In these examples, the word “whose” is used as an interrogative pronoun, meaning that it asks the question, “To who does this belong?” While it may, initially, seem that in the first example the word "whose" refers to a person, and in the second example it refers to an object, the reality is that in both cases "whose" actually refers to a second entity.. In the first example, the word "whose" actually refers to the mother's child and in the second example, the word "whose" refers to the bike's owner, who will be a person, not the bike itself. Thus, we can see that when the word "whose" is used as an interrogative pronoun, it will always refer to a person, even if it is followed by a thing because "whose" will always be used to refer to a person who is related to an object through possession, not the thing itself.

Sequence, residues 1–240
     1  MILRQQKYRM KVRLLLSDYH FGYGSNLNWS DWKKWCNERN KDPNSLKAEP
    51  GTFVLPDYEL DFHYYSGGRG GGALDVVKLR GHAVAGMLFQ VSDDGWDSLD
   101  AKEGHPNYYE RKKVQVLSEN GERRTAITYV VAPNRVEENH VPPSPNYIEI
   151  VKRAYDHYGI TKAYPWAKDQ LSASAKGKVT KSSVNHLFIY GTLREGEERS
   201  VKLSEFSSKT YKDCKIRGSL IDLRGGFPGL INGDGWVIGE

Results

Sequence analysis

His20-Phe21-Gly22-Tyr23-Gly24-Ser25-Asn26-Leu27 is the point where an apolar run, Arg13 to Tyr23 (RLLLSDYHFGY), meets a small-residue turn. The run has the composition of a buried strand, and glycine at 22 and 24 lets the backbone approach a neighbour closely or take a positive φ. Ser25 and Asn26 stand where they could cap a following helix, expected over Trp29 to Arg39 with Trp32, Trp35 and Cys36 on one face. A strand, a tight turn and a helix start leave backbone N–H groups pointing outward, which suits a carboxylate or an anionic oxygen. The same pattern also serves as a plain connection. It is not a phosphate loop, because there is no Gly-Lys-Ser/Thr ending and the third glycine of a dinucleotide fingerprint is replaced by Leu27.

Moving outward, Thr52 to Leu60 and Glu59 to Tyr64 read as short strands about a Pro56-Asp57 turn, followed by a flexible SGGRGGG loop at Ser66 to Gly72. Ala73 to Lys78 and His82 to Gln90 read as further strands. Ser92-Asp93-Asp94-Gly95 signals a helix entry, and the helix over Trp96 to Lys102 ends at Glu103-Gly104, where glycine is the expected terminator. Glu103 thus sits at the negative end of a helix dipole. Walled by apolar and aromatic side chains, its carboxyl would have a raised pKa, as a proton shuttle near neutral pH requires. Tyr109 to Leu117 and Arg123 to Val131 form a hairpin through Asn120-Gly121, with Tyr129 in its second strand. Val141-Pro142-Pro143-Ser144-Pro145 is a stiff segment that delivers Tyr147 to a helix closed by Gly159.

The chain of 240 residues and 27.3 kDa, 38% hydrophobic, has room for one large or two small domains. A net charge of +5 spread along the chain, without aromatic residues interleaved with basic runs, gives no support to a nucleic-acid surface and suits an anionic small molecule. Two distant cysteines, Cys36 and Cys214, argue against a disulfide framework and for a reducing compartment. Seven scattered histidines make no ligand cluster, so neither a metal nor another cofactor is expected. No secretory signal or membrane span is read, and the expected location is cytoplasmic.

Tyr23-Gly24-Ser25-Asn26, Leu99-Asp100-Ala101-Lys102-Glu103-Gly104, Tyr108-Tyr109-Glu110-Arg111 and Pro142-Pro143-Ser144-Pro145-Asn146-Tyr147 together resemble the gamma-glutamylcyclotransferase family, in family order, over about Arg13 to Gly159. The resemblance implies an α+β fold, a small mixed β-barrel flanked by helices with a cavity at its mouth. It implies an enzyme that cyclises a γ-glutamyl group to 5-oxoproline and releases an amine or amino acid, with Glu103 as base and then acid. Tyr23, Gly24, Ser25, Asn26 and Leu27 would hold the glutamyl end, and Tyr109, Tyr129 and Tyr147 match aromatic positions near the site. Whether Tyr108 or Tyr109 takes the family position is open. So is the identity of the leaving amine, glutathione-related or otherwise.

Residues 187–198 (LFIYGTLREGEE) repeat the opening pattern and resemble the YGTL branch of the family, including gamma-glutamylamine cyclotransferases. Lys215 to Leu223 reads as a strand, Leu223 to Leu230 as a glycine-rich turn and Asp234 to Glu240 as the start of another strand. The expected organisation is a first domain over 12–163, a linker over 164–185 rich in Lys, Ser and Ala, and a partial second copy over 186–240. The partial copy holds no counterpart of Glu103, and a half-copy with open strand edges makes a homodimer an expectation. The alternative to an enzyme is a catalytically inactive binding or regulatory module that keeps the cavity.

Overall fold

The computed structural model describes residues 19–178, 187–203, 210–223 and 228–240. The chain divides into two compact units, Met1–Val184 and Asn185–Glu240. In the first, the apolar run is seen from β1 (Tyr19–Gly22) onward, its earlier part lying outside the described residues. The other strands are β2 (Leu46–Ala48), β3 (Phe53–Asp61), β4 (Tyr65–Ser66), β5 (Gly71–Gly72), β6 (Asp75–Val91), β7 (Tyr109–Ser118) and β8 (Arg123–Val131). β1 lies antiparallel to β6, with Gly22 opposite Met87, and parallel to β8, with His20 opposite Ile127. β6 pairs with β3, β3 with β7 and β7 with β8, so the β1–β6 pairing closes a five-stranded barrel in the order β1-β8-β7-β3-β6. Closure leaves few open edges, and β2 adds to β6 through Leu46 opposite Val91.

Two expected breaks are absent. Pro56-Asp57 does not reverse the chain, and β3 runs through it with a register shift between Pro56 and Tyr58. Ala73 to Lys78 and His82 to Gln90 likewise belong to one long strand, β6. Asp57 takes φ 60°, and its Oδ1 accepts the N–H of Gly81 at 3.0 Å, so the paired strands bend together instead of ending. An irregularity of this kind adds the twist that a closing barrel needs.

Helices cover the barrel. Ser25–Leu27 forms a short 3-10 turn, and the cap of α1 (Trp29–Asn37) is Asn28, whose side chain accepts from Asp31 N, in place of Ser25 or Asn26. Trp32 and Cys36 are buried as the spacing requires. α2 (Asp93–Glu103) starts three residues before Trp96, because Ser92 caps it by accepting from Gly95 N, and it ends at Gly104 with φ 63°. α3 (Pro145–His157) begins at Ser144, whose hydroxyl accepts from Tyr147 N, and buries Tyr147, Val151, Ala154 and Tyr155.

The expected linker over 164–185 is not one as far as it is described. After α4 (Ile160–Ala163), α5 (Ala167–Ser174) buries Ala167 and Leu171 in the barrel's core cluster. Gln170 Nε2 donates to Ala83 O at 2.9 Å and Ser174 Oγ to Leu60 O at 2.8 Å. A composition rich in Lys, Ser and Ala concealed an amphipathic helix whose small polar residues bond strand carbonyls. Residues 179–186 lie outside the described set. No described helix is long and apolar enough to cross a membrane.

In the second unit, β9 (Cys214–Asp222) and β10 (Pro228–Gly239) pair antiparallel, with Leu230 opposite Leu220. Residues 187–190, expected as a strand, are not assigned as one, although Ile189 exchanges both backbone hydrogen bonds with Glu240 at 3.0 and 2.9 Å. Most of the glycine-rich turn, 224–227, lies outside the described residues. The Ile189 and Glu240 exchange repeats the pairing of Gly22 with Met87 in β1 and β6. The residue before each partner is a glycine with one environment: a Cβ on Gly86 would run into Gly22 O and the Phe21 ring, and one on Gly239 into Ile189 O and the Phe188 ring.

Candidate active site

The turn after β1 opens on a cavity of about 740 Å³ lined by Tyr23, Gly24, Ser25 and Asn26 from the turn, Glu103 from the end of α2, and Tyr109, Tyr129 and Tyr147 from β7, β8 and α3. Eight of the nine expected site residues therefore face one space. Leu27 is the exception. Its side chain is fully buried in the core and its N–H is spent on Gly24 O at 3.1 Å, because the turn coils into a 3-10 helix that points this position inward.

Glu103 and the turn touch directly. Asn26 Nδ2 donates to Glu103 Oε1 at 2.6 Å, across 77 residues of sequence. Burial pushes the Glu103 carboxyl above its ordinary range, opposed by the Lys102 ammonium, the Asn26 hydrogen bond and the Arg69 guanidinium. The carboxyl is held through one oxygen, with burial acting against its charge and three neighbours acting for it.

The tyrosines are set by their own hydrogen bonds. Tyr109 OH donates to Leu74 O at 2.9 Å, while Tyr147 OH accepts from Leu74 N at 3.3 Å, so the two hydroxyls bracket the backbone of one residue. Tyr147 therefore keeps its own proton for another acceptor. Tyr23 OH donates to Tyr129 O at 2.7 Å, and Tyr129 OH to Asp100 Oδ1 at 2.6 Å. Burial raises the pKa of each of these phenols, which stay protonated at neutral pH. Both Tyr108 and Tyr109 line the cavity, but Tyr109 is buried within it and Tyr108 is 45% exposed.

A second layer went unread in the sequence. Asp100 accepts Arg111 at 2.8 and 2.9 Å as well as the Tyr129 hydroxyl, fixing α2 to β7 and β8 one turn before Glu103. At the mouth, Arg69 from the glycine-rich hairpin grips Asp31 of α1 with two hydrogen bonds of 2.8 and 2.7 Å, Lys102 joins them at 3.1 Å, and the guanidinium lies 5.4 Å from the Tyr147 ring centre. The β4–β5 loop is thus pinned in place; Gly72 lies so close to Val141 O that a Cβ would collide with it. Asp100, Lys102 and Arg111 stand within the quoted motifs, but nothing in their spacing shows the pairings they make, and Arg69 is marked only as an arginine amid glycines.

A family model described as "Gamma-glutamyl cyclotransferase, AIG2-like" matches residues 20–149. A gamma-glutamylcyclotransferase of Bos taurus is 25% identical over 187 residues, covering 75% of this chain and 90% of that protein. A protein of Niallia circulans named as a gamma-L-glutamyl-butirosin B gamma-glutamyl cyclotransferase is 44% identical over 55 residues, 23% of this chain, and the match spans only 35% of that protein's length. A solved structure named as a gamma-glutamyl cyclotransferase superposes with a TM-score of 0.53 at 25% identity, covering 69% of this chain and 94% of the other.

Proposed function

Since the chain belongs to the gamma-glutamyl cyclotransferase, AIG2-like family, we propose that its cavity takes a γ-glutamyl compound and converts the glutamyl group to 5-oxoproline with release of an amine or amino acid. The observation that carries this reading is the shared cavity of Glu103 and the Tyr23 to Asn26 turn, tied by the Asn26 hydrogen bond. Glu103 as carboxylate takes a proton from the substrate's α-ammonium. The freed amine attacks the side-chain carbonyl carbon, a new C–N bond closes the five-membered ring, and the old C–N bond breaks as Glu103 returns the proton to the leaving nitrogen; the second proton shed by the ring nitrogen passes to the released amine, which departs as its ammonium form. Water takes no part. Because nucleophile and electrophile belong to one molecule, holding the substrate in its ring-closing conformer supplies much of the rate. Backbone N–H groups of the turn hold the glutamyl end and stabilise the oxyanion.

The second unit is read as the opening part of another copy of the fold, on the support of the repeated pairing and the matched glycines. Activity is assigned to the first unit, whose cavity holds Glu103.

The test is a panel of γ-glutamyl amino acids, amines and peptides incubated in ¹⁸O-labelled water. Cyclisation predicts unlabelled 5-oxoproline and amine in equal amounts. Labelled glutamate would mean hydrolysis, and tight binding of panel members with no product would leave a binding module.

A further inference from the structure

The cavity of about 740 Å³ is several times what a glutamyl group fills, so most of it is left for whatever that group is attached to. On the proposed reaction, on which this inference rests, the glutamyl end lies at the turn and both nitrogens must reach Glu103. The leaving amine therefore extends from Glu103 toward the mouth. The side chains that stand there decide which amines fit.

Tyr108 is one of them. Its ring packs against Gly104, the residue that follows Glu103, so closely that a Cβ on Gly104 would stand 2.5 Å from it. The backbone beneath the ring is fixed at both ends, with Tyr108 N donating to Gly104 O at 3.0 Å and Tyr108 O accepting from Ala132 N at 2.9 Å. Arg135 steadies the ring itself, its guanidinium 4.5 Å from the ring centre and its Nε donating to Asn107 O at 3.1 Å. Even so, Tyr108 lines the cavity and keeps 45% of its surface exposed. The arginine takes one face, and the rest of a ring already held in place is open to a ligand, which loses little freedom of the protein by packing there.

Of course, interrogative pronouns are not the only use of “whose”. The word “whose” can also be used as a relative pronoun. Relative pronouns are those that are used to connect a clause or phrase to a noun or pronoun, and when “whose” is used in this manner it can be followed by a person or a thing and refer to either one. Here are two examples of “whose” being used as a relative pronoun.

Example 1 - The lady whose child is crying needs hot water.

Example 2 - The bike whose silencer is dysfunctional is creating the noise.
Both example 1 and example 2 are grammatically correct. In example 1, we see how “whose” is used to refer to a person, “the lady”, and in example 2 we can see how “whose” is used to refer to a thing, “the bike”.


"Which" Versus "That"